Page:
Everything You Need to Know About When & How to Fertilize Bromeliad Plants

Bromeliads are a family of refreshingly low-maintenance houseplants that offer a big payoff in beauty and appeal. Given the right indoor conditions, most bromeliad plants are typically light feeders. However, a small amount of fertilizer given at the right times can really enhance bromeliad foliage and flowers during the growing season. Here we’ll take you through everything you need to know about when and how to fertilize bromeliad plants at home.  


Fertilizing Bromeliad Plants — The Essentials

Feed bromeliad plants a liquid, low-nitrogen or balanced fertilizer diluted to ¼ strength. Fertilize monthly in spring and summer only. Add fertilizer to the central cup of urn plants, spray on the leaves of epiphytic varieties, and add slow-release pellets to the soil of terrestrial bromeliads.


The Role of Fertilizing in Bromeliad Plant Health and Growth

The Role of Fertilizing in Bromeliad Plant Health and Growth

In nature, bromeliads grow on trees, in the soil, and among rocks. Whether it’s a terrestrial bromeliad using its roots to draw nutrients from the soil or an epiphytic bromeliad soaking in decomposed debris through its leaves and central cup, in their natural environments, bromeliads are able to gather a variety of nutrients that help them grow, flower, and reproduce.

Indoors, it’s difficult to reproduce a bromeliad’s exact environment; we likely won’t find frogs in our living rooms or offices laying eggs in our bromeliad plants’ central cups. So, fertilizer is the best way to provide indoor bromeliads with the nutrients they need to grow.

Different fertilizers contain various ratios of phosphorous, nitrogen, and potassium. It’s important to select one with a ratio that will benefit the type of plant you will be fertilizing.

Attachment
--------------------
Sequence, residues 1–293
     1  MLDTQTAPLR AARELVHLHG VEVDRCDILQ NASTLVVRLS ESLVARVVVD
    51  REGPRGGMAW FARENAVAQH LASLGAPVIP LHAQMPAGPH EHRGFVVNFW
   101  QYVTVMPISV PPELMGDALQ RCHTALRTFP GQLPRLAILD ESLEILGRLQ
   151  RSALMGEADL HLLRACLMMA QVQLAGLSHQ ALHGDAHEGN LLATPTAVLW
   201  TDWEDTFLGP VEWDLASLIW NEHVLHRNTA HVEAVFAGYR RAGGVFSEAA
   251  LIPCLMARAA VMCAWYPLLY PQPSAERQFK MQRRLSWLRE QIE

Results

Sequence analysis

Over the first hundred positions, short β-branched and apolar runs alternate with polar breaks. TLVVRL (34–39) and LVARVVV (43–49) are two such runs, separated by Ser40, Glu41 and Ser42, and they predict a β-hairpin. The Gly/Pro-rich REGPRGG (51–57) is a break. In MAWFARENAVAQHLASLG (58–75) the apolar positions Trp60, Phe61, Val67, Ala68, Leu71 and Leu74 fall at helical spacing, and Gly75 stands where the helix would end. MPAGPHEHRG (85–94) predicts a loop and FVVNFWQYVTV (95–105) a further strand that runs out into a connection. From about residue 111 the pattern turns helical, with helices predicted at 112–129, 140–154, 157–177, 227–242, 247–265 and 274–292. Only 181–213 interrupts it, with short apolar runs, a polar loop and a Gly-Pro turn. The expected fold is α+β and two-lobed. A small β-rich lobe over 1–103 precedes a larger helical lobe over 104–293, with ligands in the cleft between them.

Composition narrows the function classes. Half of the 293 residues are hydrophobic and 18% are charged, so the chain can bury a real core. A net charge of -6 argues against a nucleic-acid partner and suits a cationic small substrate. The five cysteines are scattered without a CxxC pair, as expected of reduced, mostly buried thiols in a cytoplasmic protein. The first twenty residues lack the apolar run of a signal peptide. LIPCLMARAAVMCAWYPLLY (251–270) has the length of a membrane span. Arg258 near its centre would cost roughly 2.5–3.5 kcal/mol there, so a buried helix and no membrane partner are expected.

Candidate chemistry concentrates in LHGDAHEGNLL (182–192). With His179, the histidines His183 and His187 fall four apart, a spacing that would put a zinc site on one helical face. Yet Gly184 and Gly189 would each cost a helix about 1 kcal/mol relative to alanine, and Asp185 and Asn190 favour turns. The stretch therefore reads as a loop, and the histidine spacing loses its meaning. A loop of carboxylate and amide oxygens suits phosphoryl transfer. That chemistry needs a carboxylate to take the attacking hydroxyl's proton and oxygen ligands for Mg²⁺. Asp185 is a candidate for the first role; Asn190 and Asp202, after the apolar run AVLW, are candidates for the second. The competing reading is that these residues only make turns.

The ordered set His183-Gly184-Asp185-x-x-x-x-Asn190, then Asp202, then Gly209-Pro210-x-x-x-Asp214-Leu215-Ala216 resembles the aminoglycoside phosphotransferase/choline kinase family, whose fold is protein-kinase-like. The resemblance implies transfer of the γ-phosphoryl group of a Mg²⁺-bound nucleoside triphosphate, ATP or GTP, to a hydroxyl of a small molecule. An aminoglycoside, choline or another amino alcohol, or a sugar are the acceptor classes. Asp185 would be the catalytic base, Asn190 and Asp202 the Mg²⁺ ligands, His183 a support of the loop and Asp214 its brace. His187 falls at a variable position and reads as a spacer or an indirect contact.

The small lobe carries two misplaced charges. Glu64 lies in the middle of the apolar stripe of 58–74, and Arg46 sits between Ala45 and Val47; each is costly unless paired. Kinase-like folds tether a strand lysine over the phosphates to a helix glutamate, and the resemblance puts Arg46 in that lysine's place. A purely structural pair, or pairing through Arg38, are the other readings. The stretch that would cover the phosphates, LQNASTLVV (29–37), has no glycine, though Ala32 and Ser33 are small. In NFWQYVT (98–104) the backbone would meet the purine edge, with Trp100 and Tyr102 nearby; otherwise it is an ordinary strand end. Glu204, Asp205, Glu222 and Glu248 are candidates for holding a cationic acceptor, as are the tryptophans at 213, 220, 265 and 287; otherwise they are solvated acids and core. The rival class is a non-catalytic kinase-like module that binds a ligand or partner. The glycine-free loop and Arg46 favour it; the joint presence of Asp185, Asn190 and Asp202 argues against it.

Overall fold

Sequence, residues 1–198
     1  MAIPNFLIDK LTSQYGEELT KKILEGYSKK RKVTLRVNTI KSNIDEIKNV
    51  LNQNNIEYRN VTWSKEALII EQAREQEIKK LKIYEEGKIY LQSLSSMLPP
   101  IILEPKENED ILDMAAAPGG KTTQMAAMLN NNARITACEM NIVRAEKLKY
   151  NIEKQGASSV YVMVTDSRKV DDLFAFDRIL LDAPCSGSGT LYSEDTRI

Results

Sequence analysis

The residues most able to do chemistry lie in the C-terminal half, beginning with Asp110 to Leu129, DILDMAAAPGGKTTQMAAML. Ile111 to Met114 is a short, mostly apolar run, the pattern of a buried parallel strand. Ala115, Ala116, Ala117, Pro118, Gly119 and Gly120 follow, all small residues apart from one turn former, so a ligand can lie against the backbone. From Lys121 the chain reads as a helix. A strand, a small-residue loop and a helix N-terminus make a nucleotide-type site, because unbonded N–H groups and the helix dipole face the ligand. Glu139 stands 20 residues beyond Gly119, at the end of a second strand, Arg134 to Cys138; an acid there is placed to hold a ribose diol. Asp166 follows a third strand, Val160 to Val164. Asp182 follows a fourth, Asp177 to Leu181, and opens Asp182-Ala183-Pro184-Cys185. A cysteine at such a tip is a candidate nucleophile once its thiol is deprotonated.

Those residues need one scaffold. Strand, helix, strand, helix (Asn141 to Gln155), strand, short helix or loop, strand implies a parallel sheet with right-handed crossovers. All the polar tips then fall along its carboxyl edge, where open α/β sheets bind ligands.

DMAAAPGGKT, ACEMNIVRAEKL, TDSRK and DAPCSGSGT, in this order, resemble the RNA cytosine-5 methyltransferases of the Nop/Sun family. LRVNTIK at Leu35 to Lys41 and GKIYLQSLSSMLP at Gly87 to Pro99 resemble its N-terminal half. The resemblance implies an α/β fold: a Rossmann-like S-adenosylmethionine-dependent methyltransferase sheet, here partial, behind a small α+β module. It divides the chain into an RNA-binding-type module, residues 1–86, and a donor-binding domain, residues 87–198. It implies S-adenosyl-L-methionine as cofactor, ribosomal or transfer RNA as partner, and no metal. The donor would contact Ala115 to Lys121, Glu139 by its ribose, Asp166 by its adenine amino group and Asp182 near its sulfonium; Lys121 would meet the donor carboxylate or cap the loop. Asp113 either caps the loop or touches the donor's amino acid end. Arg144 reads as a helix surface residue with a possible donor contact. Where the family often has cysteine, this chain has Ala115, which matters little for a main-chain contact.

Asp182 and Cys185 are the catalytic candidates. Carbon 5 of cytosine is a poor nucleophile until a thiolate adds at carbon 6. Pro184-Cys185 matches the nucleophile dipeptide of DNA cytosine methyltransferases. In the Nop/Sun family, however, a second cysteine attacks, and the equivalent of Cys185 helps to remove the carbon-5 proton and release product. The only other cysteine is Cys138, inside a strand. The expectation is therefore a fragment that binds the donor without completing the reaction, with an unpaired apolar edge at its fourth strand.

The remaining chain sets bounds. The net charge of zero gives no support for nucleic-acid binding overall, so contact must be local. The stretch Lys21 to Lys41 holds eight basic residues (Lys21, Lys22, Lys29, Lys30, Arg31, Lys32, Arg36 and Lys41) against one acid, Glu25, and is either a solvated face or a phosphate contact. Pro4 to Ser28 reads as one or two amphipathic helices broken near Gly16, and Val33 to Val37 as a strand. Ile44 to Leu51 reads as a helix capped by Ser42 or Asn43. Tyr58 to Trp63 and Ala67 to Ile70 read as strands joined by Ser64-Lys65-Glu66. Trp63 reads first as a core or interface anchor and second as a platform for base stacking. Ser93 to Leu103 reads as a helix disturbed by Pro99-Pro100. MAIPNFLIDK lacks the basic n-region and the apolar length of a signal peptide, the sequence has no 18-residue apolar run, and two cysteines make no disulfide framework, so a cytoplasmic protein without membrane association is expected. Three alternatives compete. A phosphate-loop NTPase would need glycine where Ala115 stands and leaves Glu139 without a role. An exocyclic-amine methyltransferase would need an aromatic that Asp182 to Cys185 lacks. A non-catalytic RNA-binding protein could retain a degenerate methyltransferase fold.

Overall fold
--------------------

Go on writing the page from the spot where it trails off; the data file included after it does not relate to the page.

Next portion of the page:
Additionally, fertilizers come in different forms: liquid, powders, and granular fertilizers. Liquid fertilizers are water-soluble and usually the most appropriate type for bromeliad plants. Powders are applied to the soil and then watered to soak in. Granular fertilizers are applied to the top of the soil and release nutrients slowly over an entire growing season. Granular fertilizers are recommended for species of terrestrial bromeliad plants.

Signs Your Bromeliad Plant Lacks Nutrients and Needs Feeding

If your indoor bromeliad is lacking micronutrients, it will likely begin producing weak foliage that looks small and pale. You might notice that your plant’s leaves appear yellowish in color and have dark-looking veins.

After feeding a hungry bromeliad plant, its leaves should start to return to their normal color after a day or two, and new foliage will grow healthy and strong.

Do All Bromeliad Plants Need Fertilizing?

Do All Bromeliad Plants Need Fertilizing

Most bromeliad plants are actually slow growers with very light feeding requirements. As a result, you can probably get away without fertilizing your bromeliad plants and never know the difference.